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All Those Pesky Single-Vineyard Wines

Posted: Oct 12, 2006 9:34pm ET

In one of my earlier blog entries, James Molesworth asked the following questions:

You're big on the single-vineyard thing. Do you do microvinifications from vineyard blocks for a few years before deciding if the vineyard is worthy of being bottled alone?

Have you ever stopped bottling a vineyard separately after a few years for any qualitative reason?

The answer to both questions is no. Well, at least a qualified no. Let’s examine the first question. In essence, we do what James asks, but without the waiting period. We keep all of the wine from the various vineyards separate in the winery. Since we taste all the barrels throughout the year, we actually evaluate each vineyard each year.

As for the second question, we’ve never decided to not bottle the wine from one of our vineyards, either in one year or after several years. So far we’ve always felt the wines were “worthy.” Maybe we’ve been extremely lucky in our vineyard choices, but so far so good.

The real question I think James was inferring is: What makes a vineyard worthy of a single-vineyard designation? I hope I haven’t put words in James’ mouth, but let’s assume I’m right and go from there because that is an interesting question.

Personally, I feel that every vineyard has the right to be vineyard-designated. I know, that’s a bold statement. Most of you are probably under the impression that a single-vineyard wine should be exceptionally great wine, but I disagree. Firstly, who’s to decide if the wine is great or not? Who sits on that panel? What vineyard owner or winery would ever abdicate that power to someone else? I certainly wouldn’t. Not even to someone as distinguished and accomplished as James Molesworth. :-)

When discussing this issue, I like to bring up a point that no one has ever countered: If you say a vineyard has to develop some track record or meet some standard of quality before it can be vineyard-designated, what do you do about estate wines? Do you tell a winery that produces wine from their own vineyard that they can’t label it as coming from their vineyard? Or worse yet, that they have to blend it with a neighbor’s vineyard for the first few years? If you can’t say yes to those questions, then you can’t place any limit on single-vineyard wines.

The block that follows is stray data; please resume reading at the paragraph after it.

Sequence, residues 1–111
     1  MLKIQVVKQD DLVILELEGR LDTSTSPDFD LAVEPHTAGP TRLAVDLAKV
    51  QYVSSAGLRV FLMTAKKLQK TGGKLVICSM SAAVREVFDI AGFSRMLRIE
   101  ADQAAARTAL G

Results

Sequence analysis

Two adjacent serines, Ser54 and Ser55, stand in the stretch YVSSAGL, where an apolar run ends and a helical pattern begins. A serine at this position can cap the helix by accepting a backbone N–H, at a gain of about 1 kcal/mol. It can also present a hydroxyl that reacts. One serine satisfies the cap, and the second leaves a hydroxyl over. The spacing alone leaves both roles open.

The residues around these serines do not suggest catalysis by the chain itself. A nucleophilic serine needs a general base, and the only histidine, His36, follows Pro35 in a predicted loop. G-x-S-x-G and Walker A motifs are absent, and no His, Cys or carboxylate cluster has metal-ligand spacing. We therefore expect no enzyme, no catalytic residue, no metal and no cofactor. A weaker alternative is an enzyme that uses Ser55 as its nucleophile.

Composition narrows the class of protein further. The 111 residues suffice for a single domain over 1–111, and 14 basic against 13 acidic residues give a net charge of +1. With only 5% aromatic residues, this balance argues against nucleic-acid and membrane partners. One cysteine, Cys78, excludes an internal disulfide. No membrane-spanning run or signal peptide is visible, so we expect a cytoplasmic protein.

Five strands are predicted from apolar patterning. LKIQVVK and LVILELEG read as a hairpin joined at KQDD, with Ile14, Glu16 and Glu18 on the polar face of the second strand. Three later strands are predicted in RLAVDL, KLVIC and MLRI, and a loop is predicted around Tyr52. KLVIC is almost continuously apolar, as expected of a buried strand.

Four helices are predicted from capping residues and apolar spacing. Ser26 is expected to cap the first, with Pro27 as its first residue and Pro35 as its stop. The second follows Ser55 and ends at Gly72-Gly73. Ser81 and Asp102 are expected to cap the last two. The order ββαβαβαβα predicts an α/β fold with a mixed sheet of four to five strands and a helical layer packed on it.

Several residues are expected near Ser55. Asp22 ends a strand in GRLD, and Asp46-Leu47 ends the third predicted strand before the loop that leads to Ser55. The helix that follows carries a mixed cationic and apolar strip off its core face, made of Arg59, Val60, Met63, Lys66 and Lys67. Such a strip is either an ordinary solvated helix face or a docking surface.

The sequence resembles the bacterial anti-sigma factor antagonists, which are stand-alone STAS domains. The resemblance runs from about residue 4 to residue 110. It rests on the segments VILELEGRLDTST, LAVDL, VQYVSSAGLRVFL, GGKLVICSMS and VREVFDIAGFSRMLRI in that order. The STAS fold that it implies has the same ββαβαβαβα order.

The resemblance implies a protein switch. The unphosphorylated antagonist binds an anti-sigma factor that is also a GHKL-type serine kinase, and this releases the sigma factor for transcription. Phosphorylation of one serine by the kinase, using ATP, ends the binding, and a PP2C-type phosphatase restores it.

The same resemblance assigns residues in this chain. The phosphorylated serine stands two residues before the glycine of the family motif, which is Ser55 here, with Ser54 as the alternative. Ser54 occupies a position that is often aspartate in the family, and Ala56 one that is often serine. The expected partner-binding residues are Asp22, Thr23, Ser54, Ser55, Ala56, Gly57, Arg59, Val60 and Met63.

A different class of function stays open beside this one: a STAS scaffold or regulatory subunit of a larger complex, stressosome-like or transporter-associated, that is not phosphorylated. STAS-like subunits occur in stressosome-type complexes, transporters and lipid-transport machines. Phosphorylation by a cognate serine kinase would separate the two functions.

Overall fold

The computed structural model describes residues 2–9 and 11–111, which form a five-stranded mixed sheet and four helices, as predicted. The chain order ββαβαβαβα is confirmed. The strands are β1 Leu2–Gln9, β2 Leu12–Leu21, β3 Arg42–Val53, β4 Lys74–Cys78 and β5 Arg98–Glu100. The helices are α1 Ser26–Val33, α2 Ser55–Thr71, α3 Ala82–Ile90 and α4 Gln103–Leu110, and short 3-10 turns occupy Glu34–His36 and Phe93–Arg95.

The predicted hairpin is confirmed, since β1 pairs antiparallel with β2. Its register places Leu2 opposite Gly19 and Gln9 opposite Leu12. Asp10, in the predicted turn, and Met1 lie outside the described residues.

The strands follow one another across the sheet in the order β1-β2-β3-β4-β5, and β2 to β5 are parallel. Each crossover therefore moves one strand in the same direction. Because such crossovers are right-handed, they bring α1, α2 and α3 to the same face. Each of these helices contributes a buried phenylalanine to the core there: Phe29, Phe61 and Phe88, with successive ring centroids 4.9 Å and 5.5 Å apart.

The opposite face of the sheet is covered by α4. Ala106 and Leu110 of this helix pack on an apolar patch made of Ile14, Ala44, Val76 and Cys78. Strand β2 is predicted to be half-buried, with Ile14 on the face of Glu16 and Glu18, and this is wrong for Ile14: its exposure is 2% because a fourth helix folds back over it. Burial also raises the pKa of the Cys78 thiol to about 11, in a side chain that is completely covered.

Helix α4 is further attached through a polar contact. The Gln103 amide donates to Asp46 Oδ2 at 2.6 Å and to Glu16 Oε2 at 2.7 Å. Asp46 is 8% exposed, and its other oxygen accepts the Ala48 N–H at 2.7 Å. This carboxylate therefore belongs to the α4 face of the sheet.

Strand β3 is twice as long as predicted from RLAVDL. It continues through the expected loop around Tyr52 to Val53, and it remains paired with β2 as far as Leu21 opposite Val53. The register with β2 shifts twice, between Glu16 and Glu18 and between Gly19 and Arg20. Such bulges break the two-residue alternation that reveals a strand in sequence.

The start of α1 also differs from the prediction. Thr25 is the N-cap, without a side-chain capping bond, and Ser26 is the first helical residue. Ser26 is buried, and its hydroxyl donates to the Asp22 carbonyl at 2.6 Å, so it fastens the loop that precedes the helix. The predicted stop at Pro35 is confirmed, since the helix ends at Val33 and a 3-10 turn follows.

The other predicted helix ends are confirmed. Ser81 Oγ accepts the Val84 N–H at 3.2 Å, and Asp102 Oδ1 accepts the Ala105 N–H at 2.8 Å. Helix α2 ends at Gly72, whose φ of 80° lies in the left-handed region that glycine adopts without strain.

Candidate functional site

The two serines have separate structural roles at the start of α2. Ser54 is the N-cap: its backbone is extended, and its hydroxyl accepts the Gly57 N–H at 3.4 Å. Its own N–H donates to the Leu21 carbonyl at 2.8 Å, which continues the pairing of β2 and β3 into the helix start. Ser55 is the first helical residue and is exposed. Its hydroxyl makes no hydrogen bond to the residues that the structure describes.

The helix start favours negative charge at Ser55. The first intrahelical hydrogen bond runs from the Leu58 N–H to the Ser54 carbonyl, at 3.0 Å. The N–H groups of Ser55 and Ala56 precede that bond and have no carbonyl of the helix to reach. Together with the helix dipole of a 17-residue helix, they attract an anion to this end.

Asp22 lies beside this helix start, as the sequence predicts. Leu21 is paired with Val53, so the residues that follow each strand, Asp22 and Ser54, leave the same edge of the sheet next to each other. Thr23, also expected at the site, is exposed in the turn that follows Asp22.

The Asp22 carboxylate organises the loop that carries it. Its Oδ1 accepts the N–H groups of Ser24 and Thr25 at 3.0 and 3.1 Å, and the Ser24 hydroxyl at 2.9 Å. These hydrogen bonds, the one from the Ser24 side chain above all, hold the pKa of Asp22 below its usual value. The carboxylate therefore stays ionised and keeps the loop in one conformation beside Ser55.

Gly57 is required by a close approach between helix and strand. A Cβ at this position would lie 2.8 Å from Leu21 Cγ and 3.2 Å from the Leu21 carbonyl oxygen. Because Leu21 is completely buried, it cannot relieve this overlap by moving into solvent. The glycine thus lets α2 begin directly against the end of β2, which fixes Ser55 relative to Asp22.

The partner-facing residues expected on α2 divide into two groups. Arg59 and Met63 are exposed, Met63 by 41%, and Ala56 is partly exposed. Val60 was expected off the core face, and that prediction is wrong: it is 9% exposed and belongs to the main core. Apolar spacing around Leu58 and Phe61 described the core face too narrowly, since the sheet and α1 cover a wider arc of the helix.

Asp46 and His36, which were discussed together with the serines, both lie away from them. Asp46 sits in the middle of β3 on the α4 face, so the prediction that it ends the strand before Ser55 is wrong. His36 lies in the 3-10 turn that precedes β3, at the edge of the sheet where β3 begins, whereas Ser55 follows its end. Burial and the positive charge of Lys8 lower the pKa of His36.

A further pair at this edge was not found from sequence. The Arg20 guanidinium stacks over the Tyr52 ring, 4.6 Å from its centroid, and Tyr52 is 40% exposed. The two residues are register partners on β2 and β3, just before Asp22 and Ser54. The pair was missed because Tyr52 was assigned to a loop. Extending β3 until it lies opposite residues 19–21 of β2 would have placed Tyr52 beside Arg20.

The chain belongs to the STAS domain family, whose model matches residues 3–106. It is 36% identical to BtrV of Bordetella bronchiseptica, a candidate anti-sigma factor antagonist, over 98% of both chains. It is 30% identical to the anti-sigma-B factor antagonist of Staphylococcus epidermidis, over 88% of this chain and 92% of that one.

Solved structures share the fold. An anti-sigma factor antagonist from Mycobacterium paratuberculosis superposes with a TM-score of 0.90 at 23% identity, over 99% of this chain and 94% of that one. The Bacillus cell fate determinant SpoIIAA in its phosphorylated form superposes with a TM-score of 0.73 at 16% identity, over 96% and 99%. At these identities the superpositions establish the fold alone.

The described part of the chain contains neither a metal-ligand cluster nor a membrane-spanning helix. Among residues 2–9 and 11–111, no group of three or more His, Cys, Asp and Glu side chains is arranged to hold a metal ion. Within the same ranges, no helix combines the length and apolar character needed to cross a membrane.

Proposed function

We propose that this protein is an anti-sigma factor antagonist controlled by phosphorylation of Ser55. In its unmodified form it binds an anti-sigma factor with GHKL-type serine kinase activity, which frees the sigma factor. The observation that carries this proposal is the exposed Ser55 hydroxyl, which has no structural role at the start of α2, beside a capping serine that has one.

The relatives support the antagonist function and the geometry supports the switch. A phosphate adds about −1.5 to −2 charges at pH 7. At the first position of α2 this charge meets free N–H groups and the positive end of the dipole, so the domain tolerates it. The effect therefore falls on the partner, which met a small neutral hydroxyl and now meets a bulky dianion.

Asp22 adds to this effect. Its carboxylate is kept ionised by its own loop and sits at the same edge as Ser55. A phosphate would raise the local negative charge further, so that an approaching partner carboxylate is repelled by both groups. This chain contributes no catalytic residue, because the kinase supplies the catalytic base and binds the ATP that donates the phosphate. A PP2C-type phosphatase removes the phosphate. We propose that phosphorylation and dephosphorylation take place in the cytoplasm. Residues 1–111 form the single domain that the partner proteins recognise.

Since I’m a smartass (I’m told it’s better than being a dumbass), I might ask: Would you wait three years before naming your kids? Maybe you could just call them “kid” for the first few years, until they distinguish themselves, and then give them a name. Or never give them a name if they’re just average.

Probably not a perfect analogy, but just like kids, I think every vineyard should be given the chance to stand on its own. A chance to make its own identity. After that, only time and the buying public will decide if the vineyard is ultimately worthy.

Colin Haggerty
La Jolla, California —  October 13, 2006 9:34am ET
Brian-You make some very good points. However, I would have to disagree with your "Estate Bottled" analogy. Just because a wine is labeled as being estate bottled does not mean that it is single-vineyard. The proprietor of the winery can blend lots from different vineyards, as long as he (or she) owns the vineyards or has long-term leases (with full control) on the vineyards.
James Molesworth
October 13, 2006 10:11am ET
Excellent point on the 'track record' theory. So much of today's wine world is judged against the backdrop of old world regions with long histories.

How can a Carneros Pinot be priced as much as a premier cru Gevrey-Chambertin - gasp! Puhleeze...

Yes, Burgundy has had a few hundred years to get it right - California has only been around for 50. But I'd say California (and other regions) have pretty much caught up at this point. That argument doesn't hold water any more...

For me though, the key to a single vineyard wine is - does the vineyard provide a distinct personality, different from other vineyards? And is the fruit as good (or better) than other vineyards already considered benchmarks?

There are oceans of vineyards out there - and IMO many don't deserve to be bottled separately - that's why they wind up in $10 bottlings with 250,000 case productions. They may be good vineyards in their own right, but are they dramatically different than the average? Significantly better than the average?

Basically, there are .330 hitting, All-Star vineyards, and .240 hitting bench player vineyards. Modern viticulture and winemaking allow some of the .240 hitters to make good wine, but there's always a qualitative hierarchy. (Whether that quality is maximized is another question).

Brian: Do you have personal favorites among your vineyards, and if so, why? And minus 2 points if you use the "all the vineyards are like my children, I can't choose a favorite" line...;-)
Wes Hagen
Lompoc, CA —  October 13, 2006 11:53am ET
Clos Pepe is clearly his favorite. :-pHe says that the fruit is so good that it's as good as printing money.And when we picked your fruit yesterday, Brian, we took 2 shots each of good tequila in your honor, knowing you were deep in sleep after late night punch-downs/revelry.
Wes Hagen
Lompoc, CA —  October 13, 2006 11:55am ET